My favorite theoretical component of this week has been learning about tracks and having a practical examination to see if we can identify the tracks on our own.  This in turn has helped with improving my skills in tracking and analyzing that track and mentally figuring out what animal has made the tracks. It is fascinating watching the story unfold in the sand!

The personal/emotional discovery I have found is to always give everything your 100% even if you don’t believe you can do it.  This course I realized you can do it and pass if you really push yourself to succeed in that topic or subject. 

Overall this course is exactly what I imagined it would be like before arriving here after my Field Guide course and has been a blast from start to finish.  The experience from an early morning walk to an afternoon study about animal behavior is amazing.  I could not have asked for a better education center than Ulovane.


      • Liam Gill

    History, weather, a cheetah conservation experience, and hard work.

    We are in week 5 and what a week it has been! We had our first mock track assessment alongside the trial guides and did not know what exactly to expect from such an “assessment” but we knew that we had to apply our knowledge gained during the previous weeks of tracking. It was so much fun to actually be able to apply the theoretical aspects to identifying various tracks such as Black-backed jackal, Brown Hyena, Common Duiker, Greater Kudu, Scorpions, Grasshoppers and so much more. It was an awesome experience and we take it away as something to keep on building toward our final tracking assessment.

    We also visited the famous dairy on AGR that was used to store milking equipment back in the day but was later transformed into a mini museum of sorts. It contained so much valuable and precious information and belongings with regards to the plenty of generations who passed through here. When looking at some of the pieces of information, it felt like going back into history and getting a glimpse into the lives of people who lived here and who still do.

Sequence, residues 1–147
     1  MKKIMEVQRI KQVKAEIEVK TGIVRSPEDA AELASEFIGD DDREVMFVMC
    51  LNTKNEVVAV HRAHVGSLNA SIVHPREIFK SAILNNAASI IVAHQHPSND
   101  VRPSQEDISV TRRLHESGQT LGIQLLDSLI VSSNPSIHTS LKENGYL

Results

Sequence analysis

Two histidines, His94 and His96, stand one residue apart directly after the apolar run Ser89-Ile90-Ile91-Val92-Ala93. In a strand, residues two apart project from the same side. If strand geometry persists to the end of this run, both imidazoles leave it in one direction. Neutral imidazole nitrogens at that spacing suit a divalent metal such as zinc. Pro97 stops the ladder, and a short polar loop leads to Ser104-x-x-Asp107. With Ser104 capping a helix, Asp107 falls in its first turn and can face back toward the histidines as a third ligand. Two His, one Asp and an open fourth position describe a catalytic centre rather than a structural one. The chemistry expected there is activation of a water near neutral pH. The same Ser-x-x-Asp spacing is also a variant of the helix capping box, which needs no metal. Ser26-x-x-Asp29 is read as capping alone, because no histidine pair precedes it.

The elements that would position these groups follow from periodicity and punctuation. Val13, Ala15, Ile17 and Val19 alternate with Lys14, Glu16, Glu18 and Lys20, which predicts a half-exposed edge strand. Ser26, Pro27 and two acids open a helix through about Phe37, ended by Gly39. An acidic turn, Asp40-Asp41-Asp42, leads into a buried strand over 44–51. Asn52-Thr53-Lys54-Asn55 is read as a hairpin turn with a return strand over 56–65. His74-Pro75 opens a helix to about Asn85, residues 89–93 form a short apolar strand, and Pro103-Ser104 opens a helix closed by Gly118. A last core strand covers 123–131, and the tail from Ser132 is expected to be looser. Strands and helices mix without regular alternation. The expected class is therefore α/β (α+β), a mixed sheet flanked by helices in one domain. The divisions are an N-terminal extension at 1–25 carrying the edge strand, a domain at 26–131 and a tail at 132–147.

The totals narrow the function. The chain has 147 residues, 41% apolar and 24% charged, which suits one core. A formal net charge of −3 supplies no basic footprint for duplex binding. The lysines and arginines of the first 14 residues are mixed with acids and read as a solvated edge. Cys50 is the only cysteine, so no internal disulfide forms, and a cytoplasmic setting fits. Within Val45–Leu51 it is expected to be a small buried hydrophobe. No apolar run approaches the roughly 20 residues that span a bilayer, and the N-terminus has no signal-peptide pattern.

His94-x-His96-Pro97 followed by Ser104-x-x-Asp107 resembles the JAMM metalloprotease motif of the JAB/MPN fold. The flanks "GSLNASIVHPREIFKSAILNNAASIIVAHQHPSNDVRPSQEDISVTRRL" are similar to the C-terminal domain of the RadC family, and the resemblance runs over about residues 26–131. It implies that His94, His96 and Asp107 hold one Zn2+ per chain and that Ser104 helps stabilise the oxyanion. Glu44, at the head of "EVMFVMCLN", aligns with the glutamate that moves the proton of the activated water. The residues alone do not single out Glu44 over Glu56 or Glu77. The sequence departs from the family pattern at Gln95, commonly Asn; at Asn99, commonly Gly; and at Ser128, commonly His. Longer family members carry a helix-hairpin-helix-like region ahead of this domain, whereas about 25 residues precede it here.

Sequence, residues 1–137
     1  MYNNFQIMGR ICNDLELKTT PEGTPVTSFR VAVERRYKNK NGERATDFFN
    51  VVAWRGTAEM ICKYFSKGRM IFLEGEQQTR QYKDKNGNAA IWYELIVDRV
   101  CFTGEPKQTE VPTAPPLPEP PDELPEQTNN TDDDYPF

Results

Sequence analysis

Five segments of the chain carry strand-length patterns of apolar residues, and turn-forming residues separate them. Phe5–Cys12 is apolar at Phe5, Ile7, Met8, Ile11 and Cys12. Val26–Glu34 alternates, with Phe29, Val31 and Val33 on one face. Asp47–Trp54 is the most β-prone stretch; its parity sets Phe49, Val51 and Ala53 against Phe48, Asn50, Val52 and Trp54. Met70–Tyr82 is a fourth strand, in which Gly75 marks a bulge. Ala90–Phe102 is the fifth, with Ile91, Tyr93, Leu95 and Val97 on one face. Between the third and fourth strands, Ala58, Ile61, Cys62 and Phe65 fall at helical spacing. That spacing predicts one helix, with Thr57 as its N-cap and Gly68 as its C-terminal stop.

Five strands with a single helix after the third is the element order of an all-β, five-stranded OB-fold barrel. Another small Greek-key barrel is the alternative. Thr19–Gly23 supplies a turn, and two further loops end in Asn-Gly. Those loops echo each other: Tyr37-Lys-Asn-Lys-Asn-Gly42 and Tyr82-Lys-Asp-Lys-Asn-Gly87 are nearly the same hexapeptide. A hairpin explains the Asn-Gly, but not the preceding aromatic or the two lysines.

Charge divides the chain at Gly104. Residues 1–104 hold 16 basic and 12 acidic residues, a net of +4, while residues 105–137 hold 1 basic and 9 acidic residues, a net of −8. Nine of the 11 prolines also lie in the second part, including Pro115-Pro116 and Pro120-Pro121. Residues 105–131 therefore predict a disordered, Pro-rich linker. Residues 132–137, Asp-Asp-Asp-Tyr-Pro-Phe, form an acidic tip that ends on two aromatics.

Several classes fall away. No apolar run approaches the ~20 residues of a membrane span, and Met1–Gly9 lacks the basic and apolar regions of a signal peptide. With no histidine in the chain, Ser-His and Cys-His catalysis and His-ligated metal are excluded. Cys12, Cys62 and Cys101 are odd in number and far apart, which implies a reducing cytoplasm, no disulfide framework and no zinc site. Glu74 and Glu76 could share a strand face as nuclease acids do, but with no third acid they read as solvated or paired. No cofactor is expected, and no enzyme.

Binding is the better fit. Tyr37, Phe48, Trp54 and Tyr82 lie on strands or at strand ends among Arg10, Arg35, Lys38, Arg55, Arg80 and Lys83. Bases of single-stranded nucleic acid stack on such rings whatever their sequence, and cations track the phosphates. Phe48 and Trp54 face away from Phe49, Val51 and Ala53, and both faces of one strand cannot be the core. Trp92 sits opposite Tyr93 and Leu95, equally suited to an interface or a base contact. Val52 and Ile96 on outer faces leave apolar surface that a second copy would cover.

The best experience this week and something I won’t forget was going with a team of AGR, their ecology team, and Dr William Fowlds who had to dart a cheetah female so that she can be collared for research, safety, and tracking purposes. It was fascinating to see such a process from beginning to end and to be so close to an animal like that is special. The whole experience was professional from start to finish and the cheetah was not harmed in any way. It was an amazing feeling to be a part of a conservation activity and story. Amakhala is a very special reserve and has many different conservation projects running with various wildlife. Thank you to Amakhala for allowing us to be a part of this experience!

    Our biggest focus was learning about weather patterns and biomes across our country but mostly focusing on what applies and relates to the Eastern Cape and our area of guiding operation. So fascinating to understand and see how climate affects vegetation and animal life! We had some good rains and were hoping to see the Bushman’s river in flood but unfortunately not this time. The rain drastically transformed the landscape into somewhat of a green blanket and it was beautiful to witness!

    On Saturdays, we do sustainable living and went out to Klipgat gate and onto Ulovane road to clear the road of PLENTY of rocks and bush growth that could potentially damage the vehicles. Was a great way to get our hands dirty and to form some sort of team-building activity where we students tried/succeeded in removing actual boulders!

    An awesome week is done and dusted and we move on to the last couple of weeks!